Scientists have detected a flash of light from across the Galaxy so powerful that it bounced off the Moon and lit up the Earth's upper atmosphere. The flash was brighter than anything ever detected from beyond our Solar System and lasted over a tenth of a second. NASA and European satellites and many radio telescopes detected the flash and its aftermath on December 27, 2004.
I'm a little annoyed that the article fails to distinguish between apparent luminosity and absolute luminosity, or between bolometric and visible luminosity. The burst on December 27 had a greater apparent bolometric luminosity than anything ever witnessed by astronomers. It appeared this bright only in the X-ray and gamma-ray portions of the electromagnetic spectrum, and only because it was within our own galaxy. Had it had an absolute luminosity as great as a collapsar, we would all be toast.
Not that this burst was a mere firecracker:
"The next biggest flare ever seen from any soft gamma repeater was peanuts compared to this incredible December 27 event," said Gaensler. "Had this happened within 10 light years of us, it would have severely damaged our atmosphere. Fortunately, all the magnetars we know of are much farther away than this."
That's a relief.
The source of this gamma-ray burst is believed to have been a magnetar, which is a highly magnetized neutron star. Magnetars are thought to be the source of soft gamma-ray repeaters, which are something like dwarf novae in the gamma-ray region of the spectrum. Unlike an ordinary neutron star, whose primary reservoirs of energy are its gravitational binding energy and rotational energy, a magnetar stores a significant fraction of its total energy as magnetic energy.
All neutron stars cool rapidly after their formation and develop a solid crust of super-dense iron. This seems incredible, given that the surface temperature of a neutron star is on the order of a million degrees, but the gravitational field is so intense (on the order of a hundred billion G) that the pressure is sufficient to force the iron into the solid state. Under the crust, the interior of a neutron star is a superfluid composed of neutrons. This superfluid contains trace numbers of protons and electrons that also make it a superconductor, and the effects of the neutron star's rotation on its superconducting interior produce an intense magnetic field.
As a neutron star continues to cool and shrink, strains develop in the crust that results in faulting and starquakes. In an ordinary neutron star, the starquake reduces the moment of inertia of the star, and astronomers observe a "glitch" in the rotational period of the star. Normally the rotational period slowly increases over time due to loss of energy to the magnetic field, but in a "glitch" the period abruptly decreases slightly.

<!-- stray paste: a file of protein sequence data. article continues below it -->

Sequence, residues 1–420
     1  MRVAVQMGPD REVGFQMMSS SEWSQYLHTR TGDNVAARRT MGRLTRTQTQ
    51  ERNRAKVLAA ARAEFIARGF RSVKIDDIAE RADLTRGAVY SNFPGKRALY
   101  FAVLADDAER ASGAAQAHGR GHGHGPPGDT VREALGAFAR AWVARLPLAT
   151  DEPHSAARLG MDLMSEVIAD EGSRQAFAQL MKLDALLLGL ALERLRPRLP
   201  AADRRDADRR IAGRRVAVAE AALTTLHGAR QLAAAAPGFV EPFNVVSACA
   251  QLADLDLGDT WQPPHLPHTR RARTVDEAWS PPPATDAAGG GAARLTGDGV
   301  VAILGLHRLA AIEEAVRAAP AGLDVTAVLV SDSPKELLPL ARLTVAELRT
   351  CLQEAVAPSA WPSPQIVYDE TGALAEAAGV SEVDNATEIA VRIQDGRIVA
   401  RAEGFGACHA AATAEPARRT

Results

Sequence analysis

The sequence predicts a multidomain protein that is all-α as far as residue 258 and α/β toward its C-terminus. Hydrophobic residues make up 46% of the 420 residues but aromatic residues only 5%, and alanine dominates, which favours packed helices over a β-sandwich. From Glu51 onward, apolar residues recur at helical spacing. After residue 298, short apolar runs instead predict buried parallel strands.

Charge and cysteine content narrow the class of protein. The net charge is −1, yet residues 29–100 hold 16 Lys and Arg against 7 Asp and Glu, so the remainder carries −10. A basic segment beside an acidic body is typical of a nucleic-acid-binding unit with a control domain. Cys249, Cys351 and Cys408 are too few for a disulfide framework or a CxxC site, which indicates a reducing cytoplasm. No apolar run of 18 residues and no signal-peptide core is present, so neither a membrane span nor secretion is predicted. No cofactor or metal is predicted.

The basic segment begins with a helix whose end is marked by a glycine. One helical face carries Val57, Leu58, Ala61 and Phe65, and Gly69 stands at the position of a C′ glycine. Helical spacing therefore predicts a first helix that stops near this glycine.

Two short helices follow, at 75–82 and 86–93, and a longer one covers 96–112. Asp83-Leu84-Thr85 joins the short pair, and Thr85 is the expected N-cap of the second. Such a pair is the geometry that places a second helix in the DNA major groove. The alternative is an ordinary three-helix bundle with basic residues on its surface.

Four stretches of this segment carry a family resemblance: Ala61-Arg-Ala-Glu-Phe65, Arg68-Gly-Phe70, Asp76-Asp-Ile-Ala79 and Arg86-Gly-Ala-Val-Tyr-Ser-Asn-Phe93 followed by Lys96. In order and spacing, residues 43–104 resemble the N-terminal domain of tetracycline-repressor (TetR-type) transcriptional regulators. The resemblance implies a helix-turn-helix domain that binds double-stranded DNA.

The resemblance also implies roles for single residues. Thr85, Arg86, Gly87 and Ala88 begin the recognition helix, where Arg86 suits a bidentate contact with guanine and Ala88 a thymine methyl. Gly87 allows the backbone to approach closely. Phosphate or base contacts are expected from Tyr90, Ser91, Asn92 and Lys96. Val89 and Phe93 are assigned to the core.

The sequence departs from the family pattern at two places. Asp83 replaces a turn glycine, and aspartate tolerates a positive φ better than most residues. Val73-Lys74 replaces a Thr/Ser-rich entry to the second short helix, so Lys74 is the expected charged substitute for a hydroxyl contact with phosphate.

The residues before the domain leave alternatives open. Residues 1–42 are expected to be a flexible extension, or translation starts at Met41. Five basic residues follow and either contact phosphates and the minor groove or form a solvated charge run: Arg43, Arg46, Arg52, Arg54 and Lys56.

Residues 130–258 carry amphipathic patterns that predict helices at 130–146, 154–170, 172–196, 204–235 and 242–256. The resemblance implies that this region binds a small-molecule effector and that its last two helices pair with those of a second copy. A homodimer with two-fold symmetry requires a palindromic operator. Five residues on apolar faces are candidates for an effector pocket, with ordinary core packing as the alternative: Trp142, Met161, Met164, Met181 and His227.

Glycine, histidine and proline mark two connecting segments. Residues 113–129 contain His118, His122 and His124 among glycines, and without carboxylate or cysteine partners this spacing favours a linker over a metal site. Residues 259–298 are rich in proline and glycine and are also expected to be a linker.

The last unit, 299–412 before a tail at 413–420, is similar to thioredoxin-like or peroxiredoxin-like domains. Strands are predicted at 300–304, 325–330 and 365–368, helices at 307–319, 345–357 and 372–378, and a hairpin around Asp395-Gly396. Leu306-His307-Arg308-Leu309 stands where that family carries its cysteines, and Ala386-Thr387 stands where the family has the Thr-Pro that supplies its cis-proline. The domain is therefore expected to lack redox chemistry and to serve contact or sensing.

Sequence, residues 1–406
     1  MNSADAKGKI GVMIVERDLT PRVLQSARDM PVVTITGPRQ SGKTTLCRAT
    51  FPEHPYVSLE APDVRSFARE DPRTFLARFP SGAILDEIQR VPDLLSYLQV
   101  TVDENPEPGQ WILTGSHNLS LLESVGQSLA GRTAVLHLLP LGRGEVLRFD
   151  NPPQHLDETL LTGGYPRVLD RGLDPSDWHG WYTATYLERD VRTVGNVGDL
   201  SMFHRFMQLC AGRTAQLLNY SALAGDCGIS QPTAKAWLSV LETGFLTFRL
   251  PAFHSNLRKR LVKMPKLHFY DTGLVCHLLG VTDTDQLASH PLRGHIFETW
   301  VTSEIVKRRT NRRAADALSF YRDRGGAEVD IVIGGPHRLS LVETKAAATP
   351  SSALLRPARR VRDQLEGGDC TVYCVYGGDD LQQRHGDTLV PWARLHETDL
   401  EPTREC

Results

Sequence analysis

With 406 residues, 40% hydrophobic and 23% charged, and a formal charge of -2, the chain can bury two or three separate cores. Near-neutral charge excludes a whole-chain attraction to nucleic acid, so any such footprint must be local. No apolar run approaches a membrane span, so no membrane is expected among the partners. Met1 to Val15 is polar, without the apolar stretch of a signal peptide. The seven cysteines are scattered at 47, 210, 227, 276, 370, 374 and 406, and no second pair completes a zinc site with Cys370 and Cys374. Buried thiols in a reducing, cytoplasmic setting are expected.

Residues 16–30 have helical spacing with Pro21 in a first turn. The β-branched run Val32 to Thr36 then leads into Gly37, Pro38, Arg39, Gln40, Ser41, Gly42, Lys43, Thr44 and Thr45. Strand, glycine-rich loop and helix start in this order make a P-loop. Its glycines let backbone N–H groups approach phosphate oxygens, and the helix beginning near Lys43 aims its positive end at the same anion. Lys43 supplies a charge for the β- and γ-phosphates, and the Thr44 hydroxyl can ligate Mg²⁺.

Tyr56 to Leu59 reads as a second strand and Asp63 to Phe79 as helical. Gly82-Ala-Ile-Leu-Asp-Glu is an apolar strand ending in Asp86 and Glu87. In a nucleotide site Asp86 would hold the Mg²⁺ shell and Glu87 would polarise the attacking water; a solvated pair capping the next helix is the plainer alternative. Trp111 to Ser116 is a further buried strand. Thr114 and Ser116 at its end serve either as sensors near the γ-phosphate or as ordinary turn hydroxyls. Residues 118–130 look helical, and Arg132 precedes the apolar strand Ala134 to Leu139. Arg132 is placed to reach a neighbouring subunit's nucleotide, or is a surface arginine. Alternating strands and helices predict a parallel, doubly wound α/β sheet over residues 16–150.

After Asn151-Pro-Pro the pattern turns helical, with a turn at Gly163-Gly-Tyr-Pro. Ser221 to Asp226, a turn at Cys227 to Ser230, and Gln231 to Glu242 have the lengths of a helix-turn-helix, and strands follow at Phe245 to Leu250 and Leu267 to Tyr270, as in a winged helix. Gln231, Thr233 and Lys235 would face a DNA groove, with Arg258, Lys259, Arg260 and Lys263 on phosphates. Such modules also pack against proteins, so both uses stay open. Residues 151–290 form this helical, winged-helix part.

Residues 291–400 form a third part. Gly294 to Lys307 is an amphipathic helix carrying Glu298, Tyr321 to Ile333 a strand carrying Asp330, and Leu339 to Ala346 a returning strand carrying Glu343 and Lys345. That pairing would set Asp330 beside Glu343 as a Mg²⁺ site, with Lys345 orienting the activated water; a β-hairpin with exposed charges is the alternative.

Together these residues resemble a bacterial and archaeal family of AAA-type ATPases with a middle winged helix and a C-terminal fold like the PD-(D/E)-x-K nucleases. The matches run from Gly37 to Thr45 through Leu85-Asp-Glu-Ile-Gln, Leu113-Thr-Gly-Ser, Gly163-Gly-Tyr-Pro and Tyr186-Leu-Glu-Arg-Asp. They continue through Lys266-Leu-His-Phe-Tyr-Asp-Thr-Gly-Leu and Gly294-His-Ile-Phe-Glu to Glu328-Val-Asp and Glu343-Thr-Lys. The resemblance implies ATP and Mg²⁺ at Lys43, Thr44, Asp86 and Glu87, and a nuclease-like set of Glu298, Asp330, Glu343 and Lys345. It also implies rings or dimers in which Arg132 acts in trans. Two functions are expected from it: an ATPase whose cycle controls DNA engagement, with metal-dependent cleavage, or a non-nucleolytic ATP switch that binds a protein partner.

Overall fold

In a magnetar, the starquake is not so gentle. I'm no expert in magnetohydrodynamics (MHD), which is a very specialized field, but I can imagine that the abrupt change in the rotational period of the magnetar would result in a considerable disturbance in the magnetic field. The resulting magnetized relativistic shock would be an efficient generator of both gamma rays and cosmic rays.
Scientists continue to follow the event with interest:
Scientists around the world have been following the December 27 event. RHESSI detected gamma rays and X-rays from the flare. Drs. Kevin Hurley and Steven Boggs of the University of California, Berkeley, are leading the effort to analyze these data. Dr. Robert Duncan of the University of Texas at Austin and Dr. Christopher Thompson at the Canadian Institute for Theoretical Astrophysics (University of Toronto) are the leading experts on magnetars, and they are investigating the "short duration" gamma-ray burst relationship.
Brian Cameron, a graduate student at Caltech under the tutorage of Prof. Shri Kulkarni, leads a second scientific paper based on VLA data. Amateur astronomers detected the disturbance in the Earth's ionosphere and relayed this information through the American Association of Variable Star Observers (http://www.aavso.org).
On a personal note, Shri Kulkarni was
an assistant professor at Caltech when I was a graduate student there,
and he was a favorite of many of the students. If I recall correctly,
at that time he was working on neutron star binaries, another proposed
mechanism for gamma-ray bursts, and on millisecond pulsars. His wife
became pregnant with twins while I was there, and the graduate students
began a "Name the Twins" contest that Kulkarni wisely ignored.
Suggestions included Phobos and Deimos, Alpha and Beta, and Castor and Pollux. Caltech is an international center of ubergeekdom.
©2005, 2009 Kent G. Budge